There has been a number of arguments lately over whether a certain device is an Ultra Mobile PC, not according to Microsoft's specs, but in the broader sense. Most of the arguments have focused around Ultra Mobile, I'd like to weigh in with my own descripton, heavily weighted toward the PC in UMPC.
The Ultra Mobile part is fairly obvious, every device people have mentioned is ultra portable. But are they PC's?
I've devised three tests for a UMPC:
1) Does it run a mainstream operating system?
Mainstream Linux, Windows, Apple, all fine. If it runs Windows CE, a propretary OS, a Smartphone OS, PDA OS or some flavor of Linux that no one has ever heard of, it doesn't fit the mainstream definition of a PC and therefore can't be a UMPC.
2) If I took this unit's specs and put it into a desktop, would an average user think it was a PC?
If I stuck the Q1's specs in a box, people could run all the normal XP aps. It would still be a PC and be as powerful as the Dell at my house. If I stuck the specs from a Nokia 770 in a box it would be called a thin client or an internet terminal, not a PC.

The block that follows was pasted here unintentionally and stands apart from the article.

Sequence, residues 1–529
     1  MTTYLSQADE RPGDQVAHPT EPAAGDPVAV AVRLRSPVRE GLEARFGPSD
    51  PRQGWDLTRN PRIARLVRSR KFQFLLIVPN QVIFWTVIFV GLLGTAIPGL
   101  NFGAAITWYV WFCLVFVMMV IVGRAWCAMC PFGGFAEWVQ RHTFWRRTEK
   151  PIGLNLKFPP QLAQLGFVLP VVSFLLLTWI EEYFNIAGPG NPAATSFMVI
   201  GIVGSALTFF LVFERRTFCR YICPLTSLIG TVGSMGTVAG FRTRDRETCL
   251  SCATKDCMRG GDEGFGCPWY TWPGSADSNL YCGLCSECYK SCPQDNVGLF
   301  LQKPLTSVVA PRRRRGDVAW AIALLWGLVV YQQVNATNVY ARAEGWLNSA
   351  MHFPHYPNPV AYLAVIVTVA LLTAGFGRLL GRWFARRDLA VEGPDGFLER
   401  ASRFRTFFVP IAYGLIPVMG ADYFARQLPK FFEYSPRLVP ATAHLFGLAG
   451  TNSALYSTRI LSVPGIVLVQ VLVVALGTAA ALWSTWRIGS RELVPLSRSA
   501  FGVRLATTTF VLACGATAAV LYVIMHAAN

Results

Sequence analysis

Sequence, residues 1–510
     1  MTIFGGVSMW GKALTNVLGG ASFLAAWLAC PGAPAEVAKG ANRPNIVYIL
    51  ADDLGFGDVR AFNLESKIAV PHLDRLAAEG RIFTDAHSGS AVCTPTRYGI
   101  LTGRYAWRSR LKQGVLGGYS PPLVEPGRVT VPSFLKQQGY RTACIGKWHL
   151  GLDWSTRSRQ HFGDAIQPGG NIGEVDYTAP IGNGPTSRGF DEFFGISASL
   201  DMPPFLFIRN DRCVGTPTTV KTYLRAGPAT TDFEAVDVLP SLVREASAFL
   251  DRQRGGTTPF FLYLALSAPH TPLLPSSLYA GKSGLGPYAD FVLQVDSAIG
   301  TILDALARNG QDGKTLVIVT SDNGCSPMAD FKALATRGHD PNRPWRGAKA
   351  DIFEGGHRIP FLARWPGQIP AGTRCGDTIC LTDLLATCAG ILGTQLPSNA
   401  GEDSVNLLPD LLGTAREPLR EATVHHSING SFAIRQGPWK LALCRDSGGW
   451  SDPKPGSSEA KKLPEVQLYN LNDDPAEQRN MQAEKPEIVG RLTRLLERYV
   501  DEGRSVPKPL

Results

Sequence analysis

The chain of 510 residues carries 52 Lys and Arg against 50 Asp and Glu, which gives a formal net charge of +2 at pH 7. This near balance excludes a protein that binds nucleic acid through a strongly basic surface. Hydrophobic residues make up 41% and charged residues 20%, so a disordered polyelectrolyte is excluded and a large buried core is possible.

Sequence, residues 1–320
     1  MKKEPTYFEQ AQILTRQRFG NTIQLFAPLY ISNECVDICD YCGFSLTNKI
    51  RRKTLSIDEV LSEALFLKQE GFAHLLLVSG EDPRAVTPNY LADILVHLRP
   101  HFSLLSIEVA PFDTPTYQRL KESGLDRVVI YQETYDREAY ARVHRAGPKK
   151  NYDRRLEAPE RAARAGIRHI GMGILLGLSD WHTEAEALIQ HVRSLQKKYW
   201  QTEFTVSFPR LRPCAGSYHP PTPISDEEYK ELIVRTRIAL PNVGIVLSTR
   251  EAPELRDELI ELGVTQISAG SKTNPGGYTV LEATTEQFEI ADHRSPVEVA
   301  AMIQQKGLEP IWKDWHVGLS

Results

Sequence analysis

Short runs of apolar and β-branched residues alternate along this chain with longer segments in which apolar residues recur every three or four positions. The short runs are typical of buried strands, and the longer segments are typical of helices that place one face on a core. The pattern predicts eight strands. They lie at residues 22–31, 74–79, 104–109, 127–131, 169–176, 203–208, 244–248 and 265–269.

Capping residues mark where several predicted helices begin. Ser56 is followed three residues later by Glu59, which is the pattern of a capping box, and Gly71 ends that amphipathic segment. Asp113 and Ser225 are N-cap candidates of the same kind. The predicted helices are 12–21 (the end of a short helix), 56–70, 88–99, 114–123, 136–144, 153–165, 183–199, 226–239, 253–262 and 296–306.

3) Can it run productivity apps without modification?
Let's face it, gamers aside, productivity is what made the PC. If it runs Office, OpenOffice or a similar variant without having to connect to anything or run a special version, it's a PC. If you can't edit a spreadsheet without jumping through hoops, it's something else.
If you can answer "Yes" to all three questions, I think you have an ultrmobile PC.